Of the many theories explaining Rhode Island’s persistent economic slump, the failure to transition to technology-based industries may have the most current traction.
This winter Jennifer Bradley, a senior fellow at The Brookings Institution, highlighted the issue while addressing the Providence Preservation Society’s annual meeting, describing a breakdown in translating the Providence area’s strong academic research into commercial applications.
Providence’s innovation pipeline appears to have a “kink,” said Bradley, co-author of The Metropolitan Revolution, which argues that cities and the innovation they foster will lead a knowledge-based global economy in the 21st century.
As evidence of where the area was falling behind, Bradley pointed to Brookings’ data on patent creation released last year ranking the Providence area 81st out of 358 metros nationwide in the number of patents produced per 1,000 workers between 2007 and 2011.
The metro area has the 37th largest population in the country and Bradley said the ranking was a sign the area is lagging behind its size and not taking advantage of its considerable academic assets.
Following up this month, Bradley said the more revealing indicator of an innovation problem was a divergence in the rate of annual patent growth in Providence from the national growth rate.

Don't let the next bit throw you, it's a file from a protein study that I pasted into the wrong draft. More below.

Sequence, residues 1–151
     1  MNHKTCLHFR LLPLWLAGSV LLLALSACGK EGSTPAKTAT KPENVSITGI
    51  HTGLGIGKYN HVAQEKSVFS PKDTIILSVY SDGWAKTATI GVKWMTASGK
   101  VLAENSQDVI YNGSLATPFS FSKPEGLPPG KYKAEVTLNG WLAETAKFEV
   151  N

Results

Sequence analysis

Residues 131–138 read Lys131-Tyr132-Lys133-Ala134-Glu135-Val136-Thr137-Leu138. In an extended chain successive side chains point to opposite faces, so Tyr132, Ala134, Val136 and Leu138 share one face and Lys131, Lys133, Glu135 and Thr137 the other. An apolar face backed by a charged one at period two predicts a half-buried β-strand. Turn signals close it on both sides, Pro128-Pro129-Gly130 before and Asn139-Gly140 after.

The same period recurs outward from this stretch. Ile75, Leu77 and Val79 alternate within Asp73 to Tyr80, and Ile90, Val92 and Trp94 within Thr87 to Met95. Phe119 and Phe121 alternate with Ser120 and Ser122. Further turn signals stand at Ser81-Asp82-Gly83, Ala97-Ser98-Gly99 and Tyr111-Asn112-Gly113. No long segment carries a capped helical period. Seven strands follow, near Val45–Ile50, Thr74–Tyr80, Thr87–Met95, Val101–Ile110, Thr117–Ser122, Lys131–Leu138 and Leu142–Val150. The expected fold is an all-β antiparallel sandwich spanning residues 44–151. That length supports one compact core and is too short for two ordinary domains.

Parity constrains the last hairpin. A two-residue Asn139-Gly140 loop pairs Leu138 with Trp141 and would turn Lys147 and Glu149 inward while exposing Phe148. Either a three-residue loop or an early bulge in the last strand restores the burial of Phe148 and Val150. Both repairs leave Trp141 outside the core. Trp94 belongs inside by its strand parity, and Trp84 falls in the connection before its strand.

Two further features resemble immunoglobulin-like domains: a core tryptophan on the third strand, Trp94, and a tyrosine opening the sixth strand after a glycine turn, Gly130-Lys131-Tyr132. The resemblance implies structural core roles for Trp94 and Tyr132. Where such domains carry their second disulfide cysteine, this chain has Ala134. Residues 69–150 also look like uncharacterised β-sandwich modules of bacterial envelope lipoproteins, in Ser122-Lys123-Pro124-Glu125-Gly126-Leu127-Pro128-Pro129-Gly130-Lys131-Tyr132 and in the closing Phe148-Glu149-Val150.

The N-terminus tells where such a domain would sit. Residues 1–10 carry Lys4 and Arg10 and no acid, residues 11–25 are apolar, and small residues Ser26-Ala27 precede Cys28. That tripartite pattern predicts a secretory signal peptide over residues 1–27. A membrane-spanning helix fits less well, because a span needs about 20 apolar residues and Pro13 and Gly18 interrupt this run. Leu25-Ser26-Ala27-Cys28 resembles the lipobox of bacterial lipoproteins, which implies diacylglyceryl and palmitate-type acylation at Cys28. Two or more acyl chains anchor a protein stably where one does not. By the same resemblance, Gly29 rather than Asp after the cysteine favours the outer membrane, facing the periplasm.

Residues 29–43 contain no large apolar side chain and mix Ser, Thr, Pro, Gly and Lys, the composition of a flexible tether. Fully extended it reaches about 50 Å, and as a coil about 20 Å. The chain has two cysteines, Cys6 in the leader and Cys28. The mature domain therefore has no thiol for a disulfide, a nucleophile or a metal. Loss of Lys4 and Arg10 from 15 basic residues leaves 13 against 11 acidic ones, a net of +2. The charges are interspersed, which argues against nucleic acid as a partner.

“The most telling thing on the profile is the trend line between patent growth in the U.S. overall and in Providence,” Bradley said in an email. “You can see that in the mid-1990s, Providence started to lag the U.S. growth rate, and has been volatile but without significant lasting gains approximately since then, while the U.S. growth rate is up substantially.”
So is a breakdown in the process for turning breakthroughs in the lab into winning products or companies at the heart of the area’s economic woes?
If so, commercialization activity at the area’s research universities and hospitals could be a crucial factor.
At Brown University and the University of Rhode Island, the post-recession years have seen a push in research commercialization after activity plunged during the recession.
In fiscal 2013, which finished last June, Brown made $2.3 million in technology licensing revenue, a 44 percent increase from the $1.6 million it made in fiscal 2012, according to the school’s Technology Ventures Office.
The gains were even more impressive compared to licensing revenue several years ago.
In 2010, Brown licensing revenue was $502,000 after falling from just under $2 million in 2005, according to historical statistics from the Association of University Technology Managers.